One therapeutic goal is to replace the KD, and its strict requirements for observance, with dietary supplements that could generate sustained ketosis. KEs are considered to be substitutes for KD and are suitable for oral treatment, compared to KBs. Ingestion of KEs can directly increase blood levels of KBs without the delay observed in KD or fasting (Hashim and VanItallie, 2014). The main KEs used are 1,3-butanediol monoester of βOHB and glyceryl-tri-3-hydroxybutyrate (3GHB) (Brunengraber, 1997). Oral and intravenous administering of KEs demonstrated that they were safe and well-tolerated in animals and humans (Clarke et al., 2012a,b), which makes them an interesting complementary treatment.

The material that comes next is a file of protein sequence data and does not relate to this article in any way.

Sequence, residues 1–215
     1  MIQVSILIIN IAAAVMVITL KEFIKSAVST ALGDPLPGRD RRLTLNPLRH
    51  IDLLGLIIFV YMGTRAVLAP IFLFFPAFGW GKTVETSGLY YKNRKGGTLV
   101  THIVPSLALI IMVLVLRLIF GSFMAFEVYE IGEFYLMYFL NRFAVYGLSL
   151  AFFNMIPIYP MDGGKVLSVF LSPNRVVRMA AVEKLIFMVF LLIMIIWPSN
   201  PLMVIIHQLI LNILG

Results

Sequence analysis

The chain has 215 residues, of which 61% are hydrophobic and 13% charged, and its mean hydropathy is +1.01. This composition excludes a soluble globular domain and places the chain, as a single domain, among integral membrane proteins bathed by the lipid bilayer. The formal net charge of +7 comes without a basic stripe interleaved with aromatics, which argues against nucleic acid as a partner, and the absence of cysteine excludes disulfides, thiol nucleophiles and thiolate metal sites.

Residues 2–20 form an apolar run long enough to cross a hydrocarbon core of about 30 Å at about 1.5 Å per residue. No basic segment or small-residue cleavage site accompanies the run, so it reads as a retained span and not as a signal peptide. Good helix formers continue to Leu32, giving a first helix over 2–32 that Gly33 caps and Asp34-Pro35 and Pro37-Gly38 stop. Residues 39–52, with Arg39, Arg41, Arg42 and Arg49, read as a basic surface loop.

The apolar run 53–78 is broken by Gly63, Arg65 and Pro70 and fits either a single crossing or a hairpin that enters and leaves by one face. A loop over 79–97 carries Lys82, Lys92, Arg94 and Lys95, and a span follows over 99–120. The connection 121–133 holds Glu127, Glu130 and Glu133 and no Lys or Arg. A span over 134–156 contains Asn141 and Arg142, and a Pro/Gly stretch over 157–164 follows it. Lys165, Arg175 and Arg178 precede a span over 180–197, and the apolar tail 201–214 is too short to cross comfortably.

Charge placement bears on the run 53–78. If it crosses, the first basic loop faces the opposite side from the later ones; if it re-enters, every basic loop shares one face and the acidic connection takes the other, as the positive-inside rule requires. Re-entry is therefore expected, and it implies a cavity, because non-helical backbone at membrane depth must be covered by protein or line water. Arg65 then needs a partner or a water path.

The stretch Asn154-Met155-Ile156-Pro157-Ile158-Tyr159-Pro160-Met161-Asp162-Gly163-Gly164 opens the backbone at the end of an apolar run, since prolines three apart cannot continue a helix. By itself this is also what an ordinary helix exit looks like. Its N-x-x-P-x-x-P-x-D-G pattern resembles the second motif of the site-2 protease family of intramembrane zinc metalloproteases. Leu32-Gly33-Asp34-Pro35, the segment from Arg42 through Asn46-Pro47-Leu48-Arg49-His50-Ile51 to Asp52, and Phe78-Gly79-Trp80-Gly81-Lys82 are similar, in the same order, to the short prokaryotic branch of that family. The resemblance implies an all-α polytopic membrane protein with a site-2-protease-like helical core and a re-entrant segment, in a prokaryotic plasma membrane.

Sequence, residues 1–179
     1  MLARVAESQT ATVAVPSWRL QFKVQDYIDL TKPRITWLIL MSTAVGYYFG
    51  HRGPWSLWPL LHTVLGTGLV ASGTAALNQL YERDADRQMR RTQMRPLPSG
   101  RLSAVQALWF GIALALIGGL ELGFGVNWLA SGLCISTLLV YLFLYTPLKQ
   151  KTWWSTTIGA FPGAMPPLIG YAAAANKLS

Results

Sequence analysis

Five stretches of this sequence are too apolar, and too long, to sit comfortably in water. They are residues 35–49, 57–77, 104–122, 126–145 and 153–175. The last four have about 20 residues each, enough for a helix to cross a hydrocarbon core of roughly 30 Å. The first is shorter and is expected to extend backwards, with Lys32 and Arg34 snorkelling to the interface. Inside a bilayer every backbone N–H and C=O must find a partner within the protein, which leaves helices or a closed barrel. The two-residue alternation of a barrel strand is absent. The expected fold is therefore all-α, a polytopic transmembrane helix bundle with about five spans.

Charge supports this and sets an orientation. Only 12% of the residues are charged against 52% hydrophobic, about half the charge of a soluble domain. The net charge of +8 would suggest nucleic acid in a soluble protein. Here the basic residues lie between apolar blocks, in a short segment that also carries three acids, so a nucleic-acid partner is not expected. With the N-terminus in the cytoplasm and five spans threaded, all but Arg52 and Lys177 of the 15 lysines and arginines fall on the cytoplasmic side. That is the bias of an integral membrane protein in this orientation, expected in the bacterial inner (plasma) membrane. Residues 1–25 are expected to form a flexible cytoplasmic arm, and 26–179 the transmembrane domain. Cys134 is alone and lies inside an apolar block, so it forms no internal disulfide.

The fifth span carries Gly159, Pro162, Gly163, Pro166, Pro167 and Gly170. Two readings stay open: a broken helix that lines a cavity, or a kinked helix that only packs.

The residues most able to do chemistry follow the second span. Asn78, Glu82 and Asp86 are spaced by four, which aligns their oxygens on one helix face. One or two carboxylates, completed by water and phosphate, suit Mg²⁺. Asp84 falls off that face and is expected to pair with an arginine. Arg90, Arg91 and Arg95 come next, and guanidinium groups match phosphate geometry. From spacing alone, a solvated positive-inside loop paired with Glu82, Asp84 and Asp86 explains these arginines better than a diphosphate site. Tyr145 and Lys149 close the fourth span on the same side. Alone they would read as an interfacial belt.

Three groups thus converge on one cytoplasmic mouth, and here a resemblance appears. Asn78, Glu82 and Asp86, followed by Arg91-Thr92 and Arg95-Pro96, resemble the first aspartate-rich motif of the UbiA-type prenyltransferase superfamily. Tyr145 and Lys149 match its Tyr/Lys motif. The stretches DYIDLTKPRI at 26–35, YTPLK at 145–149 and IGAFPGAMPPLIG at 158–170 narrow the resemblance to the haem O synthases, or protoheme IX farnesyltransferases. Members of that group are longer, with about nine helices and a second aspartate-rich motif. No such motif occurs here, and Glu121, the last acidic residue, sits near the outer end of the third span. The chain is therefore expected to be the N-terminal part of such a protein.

Ketone ester supplementation has been shown to relieve symptoms in AS mouse models (Ciarlone et al., 2016). Positive effects of KEs have been observed in Alzheimer’s mouse models with an improvement in energy metabolism and a reduction in amyloid-β deposition (Zhang J. et al., 2013; Pawlosky et al., 2017). A study in one patient with Alzheimer’s disease treated with KEs exhibited a gain in cognitive function and physical activity (Newport et al., 2015).